Big-time teams strut into Sweet 16

Coach Rob Lanier got down on a knee, looked into the faces of his players, and screamed at the top of his lungs.

"Don't be afraid," he yelled. "You can win!"

He screamed it a second time, a third time, and a fourth time, until his eyes looked like they were about to bulge out of his face.

He actually seemed to believe what he was saying.

"Don't be afraid," he tried again. "You can win!"

Then his team, the Siena Saints of Loudonville, N.Y., gathered their strength one more time, put on hard faces, and returned to the basketball court. What they met on the hardwood floor, however, was a circular saw already running on high speed: the Maryland Terrapins.

Predictably, Sienna was shredded 85-70 by the Terps, the No. 1 seed in the eastern bracket of the NCAA basketball championships.

So much for positive thinking. In the world of big-time hoops, only the strong make it to the second weekend, when the field is whittled down to 16 teams.

Going into play last night, the survivors were by and large familiar names from familiar conferences – with familiar stars leading the way and familiar coaches prowling the sidelines: Kansas, UCLA, Kentucky, Duke, Arizona, and Indiana among them. It was nearly a who's who of college basketball history.

The big conferences have thoroughly dominated. Among the Sweet 16, the Big 12 had four teams, the Pac-10 three, while the ACC, Big Ten, and Big East had two teams each. Throw in one from the SEC, and you have a near sweep. (The Mid-Atlantic and Missouri Valley Conferences claimed the only two Cinderella teams.)

What does it all mean? For one thing, it means that the NCAA selection committee is justified in drawing heavily from the major conferences.

Every year critics – most loudly ESPN's Dick Vitale – call for more teams from smaller conferences and fewer from the power conferences. This year Vitale even called for a cap of five on the number of teams per conference that could be selected for the 64-team tourney. But shouldn't the tournament be made up of the best teams, judged on merit only?

Look for more of the same in the next two weeks, as the top remaining seeds in their brackets – Maryland, Duke, Kansas, and Oklahoma – separate themselves from the pack.

Other items of interest this weekend:

The player. Caron Butler of Connecticut has shown that he's as good as any collegiate player in the country. Against North Carolina State last weekend, he looked like a pro surrounded by nine high school players. He scored 34 points, including three clutch-free throws that iced the game.

What's scary is that Butler, a slick, heady forward, appeared to be holding back – and saving his strength for the later rounds. Unfortunately for college fans, his excellent play only makes it more likely that the sophomore will jump to the NBA after this season.

"We ask [Butler] to lead us; we ask him to be our psychological boost, be our strength; rebound, score 20, and be our best passer because I like the ball in his hands in difficult situations," says Connecticut coach Jim Calhoun. "He's the real deal."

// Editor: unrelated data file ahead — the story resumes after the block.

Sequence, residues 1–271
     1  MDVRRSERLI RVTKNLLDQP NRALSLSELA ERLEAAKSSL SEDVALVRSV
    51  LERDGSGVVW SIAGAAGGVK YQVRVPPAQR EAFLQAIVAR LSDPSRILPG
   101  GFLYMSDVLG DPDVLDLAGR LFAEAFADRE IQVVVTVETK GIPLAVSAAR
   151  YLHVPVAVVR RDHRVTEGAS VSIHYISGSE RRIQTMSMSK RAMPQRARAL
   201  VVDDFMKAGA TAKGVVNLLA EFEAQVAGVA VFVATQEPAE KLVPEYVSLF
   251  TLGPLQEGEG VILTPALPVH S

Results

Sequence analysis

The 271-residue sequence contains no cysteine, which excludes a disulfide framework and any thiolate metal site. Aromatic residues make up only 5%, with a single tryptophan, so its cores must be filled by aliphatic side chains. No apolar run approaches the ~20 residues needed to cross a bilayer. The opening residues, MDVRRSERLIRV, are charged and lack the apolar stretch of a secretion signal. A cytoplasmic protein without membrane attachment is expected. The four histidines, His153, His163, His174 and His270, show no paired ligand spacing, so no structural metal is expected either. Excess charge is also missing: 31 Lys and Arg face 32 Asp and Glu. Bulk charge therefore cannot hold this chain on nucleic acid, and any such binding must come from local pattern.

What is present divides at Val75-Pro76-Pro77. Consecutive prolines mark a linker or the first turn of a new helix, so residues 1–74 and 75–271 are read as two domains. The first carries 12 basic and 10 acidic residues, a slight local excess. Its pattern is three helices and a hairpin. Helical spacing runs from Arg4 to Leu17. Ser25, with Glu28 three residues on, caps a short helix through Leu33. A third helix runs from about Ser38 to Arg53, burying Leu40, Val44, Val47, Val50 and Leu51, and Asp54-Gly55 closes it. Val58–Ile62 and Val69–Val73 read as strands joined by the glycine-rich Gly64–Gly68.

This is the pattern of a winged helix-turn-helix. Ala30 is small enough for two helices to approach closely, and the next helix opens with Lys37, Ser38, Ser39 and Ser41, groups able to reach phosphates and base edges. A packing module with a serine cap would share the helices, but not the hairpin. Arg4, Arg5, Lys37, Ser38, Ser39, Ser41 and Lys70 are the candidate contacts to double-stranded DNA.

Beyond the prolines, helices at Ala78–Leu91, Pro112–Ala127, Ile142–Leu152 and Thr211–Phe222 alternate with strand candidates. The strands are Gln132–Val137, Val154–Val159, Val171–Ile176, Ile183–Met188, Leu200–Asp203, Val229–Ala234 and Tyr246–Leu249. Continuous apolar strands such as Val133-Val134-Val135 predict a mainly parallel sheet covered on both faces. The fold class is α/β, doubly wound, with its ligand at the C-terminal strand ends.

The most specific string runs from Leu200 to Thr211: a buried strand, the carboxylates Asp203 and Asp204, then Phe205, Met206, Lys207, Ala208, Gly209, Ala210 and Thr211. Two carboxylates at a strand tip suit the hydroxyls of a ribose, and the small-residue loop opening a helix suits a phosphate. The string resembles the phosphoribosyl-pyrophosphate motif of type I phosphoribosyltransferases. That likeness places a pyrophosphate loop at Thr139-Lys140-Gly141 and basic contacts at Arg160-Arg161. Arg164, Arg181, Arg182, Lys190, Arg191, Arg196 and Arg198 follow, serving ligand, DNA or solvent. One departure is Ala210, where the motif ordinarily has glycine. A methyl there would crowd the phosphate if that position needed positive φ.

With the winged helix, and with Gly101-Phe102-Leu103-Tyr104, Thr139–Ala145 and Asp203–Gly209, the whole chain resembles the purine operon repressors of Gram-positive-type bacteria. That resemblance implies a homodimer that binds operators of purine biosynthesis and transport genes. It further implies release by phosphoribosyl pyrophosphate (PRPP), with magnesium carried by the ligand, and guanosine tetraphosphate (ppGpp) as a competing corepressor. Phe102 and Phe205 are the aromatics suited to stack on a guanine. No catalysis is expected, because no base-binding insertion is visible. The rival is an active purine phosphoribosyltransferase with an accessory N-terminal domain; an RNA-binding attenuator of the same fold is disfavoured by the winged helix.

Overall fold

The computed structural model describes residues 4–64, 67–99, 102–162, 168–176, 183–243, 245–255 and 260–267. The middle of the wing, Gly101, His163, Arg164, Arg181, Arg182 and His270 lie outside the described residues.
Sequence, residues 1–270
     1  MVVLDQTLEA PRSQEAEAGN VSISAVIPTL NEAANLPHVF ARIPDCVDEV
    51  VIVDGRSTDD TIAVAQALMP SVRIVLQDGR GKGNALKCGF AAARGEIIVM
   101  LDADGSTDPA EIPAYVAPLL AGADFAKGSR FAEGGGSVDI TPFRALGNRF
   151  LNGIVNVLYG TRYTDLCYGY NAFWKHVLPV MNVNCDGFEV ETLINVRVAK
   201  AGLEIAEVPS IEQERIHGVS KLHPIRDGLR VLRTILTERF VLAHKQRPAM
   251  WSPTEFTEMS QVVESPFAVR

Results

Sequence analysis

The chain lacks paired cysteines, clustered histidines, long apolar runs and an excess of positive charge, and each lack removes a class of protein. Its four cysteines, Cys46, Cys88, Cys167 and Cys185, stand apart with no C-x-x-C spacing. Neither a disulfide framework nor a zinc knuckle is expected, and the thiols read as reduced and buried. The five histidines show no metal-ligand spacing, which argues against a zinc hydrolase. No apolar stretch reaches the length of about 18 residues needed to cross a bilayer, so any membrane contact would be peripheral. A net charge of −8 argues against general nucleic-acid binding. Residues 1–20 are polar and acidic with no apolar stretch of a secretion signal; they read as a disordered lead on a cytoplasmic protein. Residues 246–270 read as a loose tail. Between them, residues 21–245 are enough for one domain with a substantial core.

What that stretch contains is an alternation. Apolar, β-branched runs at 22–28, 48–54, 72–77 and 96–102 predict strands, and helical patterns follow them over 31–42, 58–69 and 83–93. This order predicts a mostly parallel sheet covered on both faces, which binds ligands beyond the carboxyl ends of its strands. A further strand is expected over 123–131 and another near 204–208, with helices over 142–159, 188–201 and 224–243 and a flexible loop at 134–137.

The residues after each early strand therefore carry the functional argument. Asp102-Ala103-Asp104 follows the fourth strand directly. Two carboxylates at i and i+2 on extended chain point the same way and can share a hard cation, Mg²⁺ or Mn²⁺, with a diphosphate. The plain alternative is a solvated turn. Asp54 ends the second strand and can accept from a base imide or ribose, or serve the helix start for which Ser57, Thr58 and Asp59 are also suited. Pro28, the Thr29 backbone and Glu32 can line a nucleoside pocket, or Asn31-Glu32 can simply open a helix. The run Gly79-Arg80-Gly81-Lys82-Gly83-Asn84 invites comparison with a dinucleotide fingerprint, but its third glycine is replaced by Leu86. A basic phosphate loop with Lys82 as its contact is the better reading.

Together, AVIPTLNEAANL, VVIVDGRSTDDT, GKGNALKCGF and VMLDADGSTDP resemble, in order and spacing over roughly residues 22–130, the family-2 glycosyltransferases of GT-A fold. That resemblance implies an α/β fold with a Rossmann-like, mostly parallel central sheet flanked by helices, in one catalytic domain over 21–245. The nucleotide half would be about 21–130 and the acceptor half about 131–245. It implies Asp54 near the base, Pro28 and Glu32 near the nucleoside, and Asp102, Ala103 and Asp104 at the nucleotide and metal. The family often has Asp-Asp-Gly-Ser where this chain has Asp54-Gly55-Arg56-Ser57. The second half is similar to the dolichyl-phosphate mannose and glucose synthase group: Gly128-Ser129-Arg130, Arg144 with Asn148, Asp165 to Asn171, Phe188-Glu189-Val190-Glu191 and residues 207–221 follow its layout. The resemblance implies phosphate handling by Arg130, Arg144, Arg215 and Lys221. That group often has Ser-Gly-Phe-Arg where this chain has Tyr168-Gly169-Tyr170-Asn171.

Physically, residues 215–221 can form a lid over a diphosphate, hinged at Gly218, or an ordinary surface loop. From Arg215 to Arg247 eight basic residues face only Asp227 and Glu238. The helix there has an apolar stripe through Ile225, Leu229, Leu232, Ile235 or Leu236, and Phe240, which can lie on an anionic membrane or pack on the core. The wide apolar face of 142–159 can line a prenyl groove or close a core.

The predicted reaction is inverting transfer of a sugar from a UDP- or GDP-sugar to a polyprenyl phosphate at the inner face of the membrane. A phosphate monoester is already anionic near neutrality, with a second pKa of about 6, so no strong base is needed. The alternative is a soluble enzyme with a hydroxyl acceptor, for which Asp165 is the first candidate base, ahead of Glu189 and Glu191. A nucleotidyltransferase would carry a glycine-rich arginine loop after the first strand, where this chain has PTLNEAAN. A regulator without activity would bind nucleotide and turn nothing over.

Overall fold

The team. Kansas looked shaky in the first round when it barely beat Holy Cross, and guard Kirk Hinrich was on the bench with an ankle injury. But Hinrich is back at full speed, and the Jayhawks are looking strong. Their front line, led by All-American Drew Gooden, is as good as any in the country. Their three-guard offense is perfect for tournament-tough defenses, and versatile. Add it all up, and Coach Roy Williams has a solid chance to win his first national championship as a head coach.

Two things stand in his way, however.

First is the pressure on Williams to win it all, here and now. Second, Maryland, which has a front line every bit as deep as Kansas' and matches up with the Jayhawks and any team in the field.

The region. The West is the most interesting region, with the top seed, Cincinnati, already eliminated by UCLA. (After the game, the frustrated Cincinnati coach, Bob Huggins, called UCLA the best No. 8 seed in the history of the NCAA tournament.)

Overall, there's so much talent in the West that, if you want to pick a winner, you might as well throw away the seeds and take out a dart board. Every surviving team (UCLA, Missouri, Arizona, and Oklahoma) has the horses to make it to the Final Four, and ultimately it may come down to who gets hottest down the stretch. Kudos to the NCAA selection committee for putting this back-breaking bracket together.

The coach. He may be eliminated by the time this story is published, but Mike Davis of Indiana has already emerged as one of the biggest winners in this year's tournament. First, he led his team to a second successful year in the wake of the departure of longtime coach Bob Knight – no easy task, especially considering that his team is not exactly loaded with talent.

But more significant was an interview he gave to CBS this past weekend. In it, he opened up about his stutter, a problem he has struggled to overcome his entire life. He said public speaking was the thing that worried him most about taking the Indiana job. It was a brave thing for Davis to go public with – and it was refreshing to watch a man openly battle his weakness.

Davis came out of it all looking like a coach who was ready to take on the world with integrity and compassion – just what Indiana needs after Knight. Imagine if you were the parent of a high school basketball star. Is there any other coach for whom you'd rather have your kid play?

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